The Science & Discovery Center delivers science, math, engineering and technology education to more than 15,000 area students each year, all on an outreach basis.
The Science & Discovery Center was pushing STEM education long before the acronym entered our vocabulary.
The operation, with offices in Elmira and Corning, brings its science, technology, engineering, and math programs to thousands of area students each year and is marking its 20th anniversary.
“That is the buzzword now. It was our mission 20 years ago. I would say we were ahead of the curve with that,” said Patricia Dann, executive director of the group since it was formed.
The center has primarily worked with grades four to eight, but has begun expanding its prekindergarten math program.
The lean operation has a staff of just five, including three full-time, year-round educators with master’s degrees. Programming is delivered via its mobile science lab, a converted Winnebago, in pupils’ home schools, at area youth centers or at special camps or programs at places like Elmira College or Corning Community College.
“We (provide) between 15,000 and 25,000 students a year with STEM education. … We don’t have a site; it’s all outreach only,” Dann said.
The nonprofit organization, formed in 1994, used to be more visible. It had a storefront operation from 1995-2004 in the Arnot Mall, Big Flats. It moved its exhibits to the Wings of Eagles Discovery Center, Big Flats, in 2004, but left at the end of 2005 to focus on school-based programs.
“We have reinvented ourselves several times. We have always done outreach hands-on science,” Dann said. “It wasn’t until 2005 when we became outreach only. That is not what we thought we were going to be at all. We thought we were going to be a site. It got to the point where we could do more … by going to students at different organizations and schools district than by having them come to us.”
Pat Dann has been executive director of the Science & Discovery Center since its start 20 years ago.
(Photo: MATTHEW BURROUGHS PHOTO)
Dann said the mobile science lab, which is taken to area schools and was purchased in 2002, is fully equipped, wheelchair accessible and can accommodate 24 students in the lab.
“It was very effective for districts to use when finances became tight in recent years,” she said.
The organization receives in-kind support through office space provided by Chemung County Cooperative Extension in Elmira and the Three Rivers Foundation in Corning, plus storage in a building by the airport.
Dann said that same kind of support was received last summer at CCC, where it had 130 participants, and Elmira College, where 122 students took part. Programs ranged from space exploration to outdoor biology to inventions to building buildings.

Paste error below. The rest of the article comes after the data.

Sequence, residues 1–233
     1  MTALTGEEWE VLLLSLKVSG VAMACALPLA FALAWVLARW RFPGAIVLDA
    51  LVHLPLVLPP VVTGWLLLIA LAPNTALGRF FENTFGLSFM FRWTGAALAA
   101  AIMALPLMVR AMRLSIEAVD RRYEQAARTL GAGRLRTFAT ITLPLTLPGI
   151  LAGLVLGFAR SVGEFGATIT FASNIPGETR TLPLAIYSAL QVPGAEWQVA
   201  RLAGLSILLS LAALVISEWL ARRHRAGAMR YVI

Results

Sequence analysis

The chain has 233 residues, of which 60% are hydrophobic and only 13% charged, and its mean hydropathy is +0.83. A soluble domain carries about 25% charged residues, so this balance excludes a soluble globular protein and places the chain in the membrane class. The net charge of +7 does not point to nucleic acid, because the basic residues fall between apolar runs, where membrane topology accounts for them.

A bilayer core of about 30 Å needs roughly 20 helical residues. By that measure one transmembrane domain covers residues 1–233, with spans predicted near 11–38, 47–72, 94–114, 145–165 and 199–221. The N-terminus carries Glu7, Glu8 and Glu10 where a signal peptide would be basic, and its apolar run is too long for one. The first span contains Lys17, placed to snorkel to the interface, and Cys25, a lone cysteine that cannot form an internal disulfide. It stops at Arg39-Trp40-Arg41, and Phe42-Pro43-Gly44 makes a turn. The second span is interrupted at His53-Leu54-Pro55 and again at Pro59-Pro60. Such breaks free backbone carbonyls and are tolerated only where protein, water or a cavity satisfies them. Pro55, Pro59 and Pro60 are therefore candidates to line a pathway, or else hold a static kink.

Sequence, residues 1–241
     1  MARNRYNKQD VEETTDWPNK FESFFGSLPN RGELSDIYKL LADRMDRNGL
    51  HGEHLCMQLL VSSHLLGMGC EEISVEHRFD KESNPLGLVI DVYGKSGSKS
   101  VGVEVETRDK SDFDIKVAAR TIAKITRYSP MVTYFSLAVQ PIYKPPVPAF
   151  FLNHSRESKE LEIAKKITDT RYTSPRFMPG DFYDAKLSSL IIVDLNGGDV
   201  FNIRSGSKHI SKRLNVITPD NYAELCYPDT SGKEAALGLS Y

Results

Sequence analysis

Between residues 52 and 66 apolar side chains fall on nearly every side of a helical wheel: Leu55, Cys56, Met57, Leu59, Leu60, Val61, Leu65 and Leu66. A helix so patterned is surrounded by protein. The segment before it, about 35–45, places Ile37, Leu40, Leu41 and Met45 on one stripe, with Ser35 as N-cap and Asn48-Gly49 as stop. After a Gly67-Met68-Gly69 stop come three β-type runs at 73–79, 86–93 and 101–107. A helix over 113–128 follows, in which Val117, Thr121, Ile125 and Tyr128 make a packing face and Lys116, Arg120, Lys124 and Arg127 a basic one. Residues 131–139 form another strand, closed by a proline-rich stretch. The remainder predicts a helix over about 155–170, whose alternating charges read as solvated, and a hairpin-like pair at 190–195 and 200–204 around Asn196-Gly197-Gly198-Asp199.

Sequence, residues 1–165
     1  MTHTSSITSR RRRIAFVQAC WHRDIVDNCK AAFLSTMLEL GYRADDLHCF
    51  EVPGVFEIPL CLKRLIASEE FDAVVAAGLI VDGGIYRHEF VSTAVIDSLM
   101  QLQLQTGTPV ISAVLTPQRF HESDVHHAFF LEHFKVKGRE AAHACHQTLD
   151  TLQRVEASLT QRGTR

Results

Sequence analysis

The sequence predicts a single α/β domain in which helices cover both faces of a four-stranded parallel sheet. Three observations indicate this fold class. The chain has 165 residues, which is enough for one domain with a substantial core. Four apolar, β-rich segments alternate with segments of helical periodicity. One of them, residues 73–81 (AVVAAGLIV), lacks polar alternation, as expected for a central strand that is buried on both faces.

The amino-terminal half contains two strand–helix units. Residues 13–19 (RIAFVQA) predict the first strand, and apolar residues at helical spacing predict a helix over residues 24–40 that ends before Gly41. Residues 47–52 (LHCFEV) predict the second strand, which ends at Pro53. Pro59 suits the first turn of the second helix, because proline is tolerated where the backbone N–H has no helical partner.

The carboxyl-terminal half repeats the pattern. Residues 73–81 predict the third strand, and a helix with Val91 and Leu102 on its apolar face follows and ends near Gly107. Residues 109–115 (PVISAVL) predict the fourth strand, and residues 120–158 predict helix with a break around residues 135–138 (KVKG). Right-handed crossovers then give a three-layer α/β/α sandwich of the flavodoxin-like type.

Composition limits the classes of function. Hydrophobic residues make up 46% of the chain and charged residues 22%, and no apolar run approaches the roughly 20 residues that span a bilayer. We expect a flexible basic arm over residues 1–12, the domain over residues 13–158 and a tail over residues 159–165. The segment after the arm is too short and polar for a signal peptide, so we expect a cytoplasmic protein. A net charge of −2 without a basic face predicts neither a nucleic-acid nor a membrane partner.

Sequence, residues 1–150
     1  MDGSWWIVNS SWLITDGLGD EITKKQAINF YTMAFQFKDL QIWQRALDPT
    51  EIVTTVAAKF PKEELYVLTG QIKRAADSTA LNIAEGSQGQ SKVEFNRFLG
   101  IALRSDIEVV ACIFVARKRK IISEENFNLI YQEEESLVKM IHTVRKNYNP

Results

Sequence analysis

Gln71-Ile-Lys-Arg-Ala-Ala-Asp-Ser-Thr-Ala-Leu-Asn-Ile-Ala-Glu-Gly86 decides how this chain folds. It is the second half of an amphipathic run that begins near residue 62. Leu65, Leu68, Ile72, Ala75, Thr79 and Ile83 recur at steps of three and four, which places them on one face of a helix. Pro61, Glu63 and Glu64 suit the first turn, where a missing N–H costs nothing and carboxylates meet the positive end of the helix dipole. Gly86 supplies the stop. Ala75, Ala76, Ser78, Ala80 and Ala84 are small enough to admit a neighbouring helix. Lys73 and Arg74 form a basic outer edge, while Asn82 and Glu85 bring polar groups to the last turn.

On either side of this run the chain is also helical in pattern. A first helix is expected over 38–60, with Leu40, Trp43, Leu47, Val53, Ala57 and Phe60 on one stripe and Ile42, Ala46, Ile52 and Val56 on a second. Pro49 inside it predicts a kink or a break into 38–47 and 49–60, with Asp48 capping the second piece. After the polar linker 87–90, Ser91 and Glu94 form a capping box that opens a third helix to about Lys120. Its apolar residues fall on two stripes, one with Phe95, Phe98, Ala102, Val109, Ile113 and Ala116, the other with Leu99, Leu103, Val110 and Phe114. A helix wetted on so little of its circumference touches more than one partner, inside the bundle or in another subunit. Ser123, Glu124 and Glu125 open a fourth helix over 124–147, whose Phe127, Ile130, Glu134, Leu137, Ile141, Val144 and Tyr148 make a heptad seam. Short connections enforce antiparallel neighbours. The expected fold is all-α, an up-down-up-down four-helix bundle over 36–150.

“They don’t charge us for use of space,” Dann said of the colleges. “Their maintenance helps us. Their administrative staff helps us plan.”
The Science & Discovery Center mobile lab was purchased in 2002 and can accommodate 24 students.
(Photo: MATTHEW BURROUGHS PHOTO)
The center works regularly with five districts that are part of Greater Southern Tier BOCES: Addison, Bath, Corning, Elmira and Horseheads. Dann said the center’s educators come into classrooms there to supplement what district employees are teaching.
“Sometimes, the center’s educators will teach a difficult subject, such as densities. That is a program that is very popular with teachers and students,” Dann said.
The center consults with school district administrators on curriculum, such as Kerry Hochreiter, director of elementary education for the Corning school district, who is also a member of the center’s board.
Some programs are booked through Greater Southern Tier BOCES, where districts put money into a cooperative service agreement known in educational circles as a COSER, and then pull services out, even qualifying for a partial government rebate if their poverty level is high enough, Dann said.
Other programs are booked through grants received by the center or one of the 31 organizations it counts as partners. In its 2013-14 annual report, Corning Inc., with a $100,000 contribution, led the group of 20 local businesses or organizations listed that have donated money
Corning Inc. and its Sullivan Park research and development center in Gang Mills have been supporters since the start.
“That is where the idea came from, Sullivan Park. I think the idea was 1992. Dale Wexell (longtime Corning school board president) was the first president and he hired me,” Dann said.
The center’s newest partner is the Rockwell Museum in Corning, where an art teacher will tie art to STEM education.
“It is an incredibly cost-effective program. We are not paying for heat, light, air conditioning, in general operating expenses,” Dann said. “They are doing perspectives with art, which uses math. With art, there are many things, such as the chemicals in paint. We are also introducing writing a poem about what they do. We are trying to get kids to work more on teams.”
This year, the center brought its prekindergarten math program into places such as the Corning Children’s Center, My Place in Montour Falls, the Chemung County YMCA and the Tioga County Family Resource Center in Waverly and Owego.
“We are still finding that middle school is too late for math,” Dann said, adding starting at an earlier age makes children more comfortable with math as “just another language.”
“There is still a very high percentage of students who have to take remedial math, people entering college, industry. It is pretty scary. The math component is one of the big pieces of STEM we are pushing,” Dann said.